Published on 15/05/2013
Mazda to launch SUV in October The Mazda CX-5 will likely become the most fuel-economical sport-utility vehicle (SUV) in its class when it hits Thai showrooms in late October.
The CX-5 is the first Mazda to fully integrate SkyActiv technologies.
Serving as a replacement for the discontinued Tribute, the new compact crossover will come in both petrol and diesel versions. Although pricing has yet to be announced, executives of Mazda Sales (Thailand) said the Asean-built CX-5 will compete head-on with the Honda CR-V and Chevrolet Captiva. That means the CX-5 should be priced between 1.2 and 1.3 million baht when equipped with a 155-horsepower two-litre petrol engine and from 1.6 to 1.7 million when armed with a punchy 175-hp 2.2-litre diesel motor.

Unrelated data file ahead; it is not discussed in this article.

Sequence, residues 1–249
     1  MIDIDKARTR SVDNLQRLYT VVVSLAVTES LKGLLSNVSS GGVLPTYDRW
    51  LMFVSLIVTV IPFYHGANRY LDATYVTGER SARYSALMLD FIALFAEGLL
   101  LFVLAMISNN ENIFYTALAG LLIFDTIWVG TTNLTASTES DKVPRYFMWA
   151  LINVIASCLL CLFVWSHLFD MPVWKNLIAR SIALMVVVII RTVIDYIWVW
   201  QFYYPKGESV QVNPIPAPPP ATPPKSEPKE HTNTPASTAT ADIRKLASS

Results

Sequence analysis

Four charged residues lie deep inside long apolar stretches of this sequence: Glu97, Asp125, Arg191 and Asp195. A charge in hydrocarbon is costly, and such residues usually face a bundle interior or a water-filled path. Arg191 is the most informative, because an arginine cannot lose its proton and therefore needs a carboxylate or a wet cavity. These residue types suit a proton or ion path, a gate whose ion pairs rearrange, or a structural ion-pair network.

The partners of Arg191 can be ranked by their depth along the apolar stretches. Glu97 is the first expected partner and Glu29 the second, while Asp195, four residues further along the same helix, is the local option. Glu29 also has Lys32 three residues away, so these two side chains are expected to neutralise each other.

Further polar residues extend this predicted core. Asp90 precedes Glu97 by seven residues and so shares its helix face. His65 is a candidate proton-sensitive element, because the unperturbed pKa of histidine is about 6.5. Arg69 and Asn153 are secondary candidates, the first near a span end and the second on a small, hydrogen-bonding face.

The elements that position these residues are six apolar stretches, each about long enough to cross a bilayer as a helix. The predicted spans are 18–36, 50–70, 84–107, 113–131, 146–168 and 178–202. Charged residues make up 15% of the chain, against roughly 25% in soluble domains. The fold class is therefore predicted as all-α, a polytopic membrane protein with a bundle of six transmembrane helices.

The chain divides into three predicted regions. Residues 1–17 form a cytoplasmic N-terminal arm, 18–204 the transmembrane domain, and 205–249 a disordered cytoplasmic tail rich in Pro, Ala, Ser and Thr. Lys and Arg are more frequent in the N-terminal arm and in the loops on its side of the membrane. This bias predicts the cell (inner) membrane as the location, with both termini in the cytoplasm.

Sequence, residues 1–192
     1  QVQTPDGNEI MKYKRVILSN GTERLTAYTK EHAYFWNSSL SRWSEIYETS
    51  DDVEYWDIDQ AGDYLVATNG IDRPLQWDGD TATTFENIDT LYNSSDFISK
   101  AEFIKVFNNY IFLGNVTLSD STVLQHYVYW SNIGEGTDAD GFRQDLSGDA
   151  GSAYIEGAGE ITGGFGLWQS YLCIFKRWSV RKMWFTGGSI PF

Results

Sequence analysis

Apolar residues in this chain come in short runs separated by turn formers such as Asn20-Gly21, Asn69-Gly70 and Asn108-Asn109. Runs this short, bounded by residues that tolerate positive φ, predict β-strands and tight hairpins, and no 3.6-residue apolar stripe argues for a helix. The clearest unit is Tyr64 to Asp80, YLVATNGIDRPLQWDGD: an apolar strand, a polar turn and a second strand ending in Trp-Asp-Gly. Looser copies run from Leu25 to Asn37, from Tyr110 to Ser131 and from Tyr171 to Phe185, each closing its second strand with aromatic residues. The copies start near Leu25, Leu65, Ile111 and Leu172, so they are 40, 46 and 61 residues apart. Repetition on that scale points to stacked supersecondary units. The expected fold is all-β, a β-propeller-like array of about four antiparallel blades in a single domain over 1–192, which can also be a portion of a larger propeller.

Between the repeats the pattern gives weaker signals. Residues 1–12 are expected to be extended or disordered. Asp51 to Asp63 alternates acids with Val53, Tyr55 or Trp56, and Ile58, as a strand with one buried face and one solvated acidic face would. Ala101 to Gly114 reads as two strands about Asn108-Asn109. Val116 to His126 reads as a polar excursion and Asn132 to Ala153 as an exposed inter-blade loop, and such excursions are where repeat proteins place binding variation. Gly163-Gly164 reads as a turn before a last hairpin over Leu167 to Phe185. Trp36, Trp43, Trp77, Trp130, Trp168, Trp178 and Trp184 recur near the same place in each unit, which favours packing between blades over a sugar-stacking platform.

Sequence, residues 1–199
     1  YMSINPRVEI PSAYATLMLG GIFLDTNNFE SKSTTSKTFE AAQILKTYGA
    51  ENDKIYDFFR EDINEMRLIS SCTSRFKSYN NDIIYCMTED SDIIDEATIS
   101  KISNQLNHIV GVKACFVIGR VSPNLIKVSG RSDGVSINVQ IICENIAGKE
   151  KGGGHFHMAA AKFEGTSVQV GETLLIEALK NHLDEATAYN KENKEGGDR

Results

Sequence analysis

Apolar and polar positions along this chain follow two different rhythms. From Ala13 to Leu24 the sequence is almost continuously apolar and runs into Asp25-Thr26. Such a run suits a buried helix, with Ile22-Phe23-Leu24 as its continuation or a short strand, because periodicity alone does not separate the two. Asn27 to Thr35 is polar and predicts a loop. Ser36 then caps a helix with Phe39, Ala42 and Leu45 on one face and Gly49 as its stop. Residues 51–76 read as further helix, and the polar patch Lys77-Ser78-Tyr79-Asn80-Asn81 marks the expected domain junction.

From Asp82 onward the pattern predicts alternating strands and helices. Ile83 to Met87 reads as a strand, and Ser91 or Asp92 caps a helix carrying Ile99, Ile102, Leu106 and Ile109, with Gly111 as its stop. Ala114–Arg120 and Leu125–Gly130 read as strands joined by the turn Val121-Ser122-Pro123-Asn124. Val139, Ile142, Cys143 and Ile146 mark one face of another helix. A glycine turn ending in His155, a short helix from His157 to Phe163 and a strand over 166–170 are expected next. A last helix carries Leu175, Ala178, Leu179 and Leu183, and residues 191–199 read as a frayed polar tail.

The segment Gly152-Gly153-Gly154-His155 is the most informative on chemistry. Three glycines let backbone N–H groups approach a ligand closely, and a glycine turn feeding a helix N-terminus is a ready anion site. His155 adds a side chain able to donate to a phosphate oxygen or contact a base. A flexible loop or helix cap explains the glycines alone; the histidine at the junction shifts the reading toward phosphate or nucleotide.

Under Japan's JC08 fuel-economy standard, the petrol motor rated at 16 kilometres per litre while the diesel made 18.6 kpl in front-wheel-drive versions. Four-wheel-drive models rated at 15.6 kpl and 18 kpl, respectively. Both models have six-speed automatic transmissions and fuel-saving technologies such as direct-injection and automatic stop/start engine systems. The diesel's price premium over the petrol is attributed to local excise tax. The two-litre version, which can use E20 gasohol, is levied 25% excise tax, while the diesel version receives no tax incentives and receives a 35% rate. Even so, the Thai Mazda office expects the diesel version to account for half of total sales due to its attractive combination of power and economic features. Apart from the Captiva, other compact SUVs sold with a diesel engine in Thailand for less than 2 million baht include the Hyundai Tucson and Ssangyong Korando, both imported from South Korea. Speaking at a Thai technology forum yesterday, Mazda engineers said the CX-5 is the first Mazda fully to integrate SkyActiv technologies relating to the engine, transmission, body and chassis for lower weight, carbon dioxide (CO2) emissions and fuel consumption. They said SkyActiv allows conventional technology to progress without the need for electrified components found in hybrid vehicles. The new CO2-based taxation system to debut in 2016 should be technology- and power-train-neutral, they said.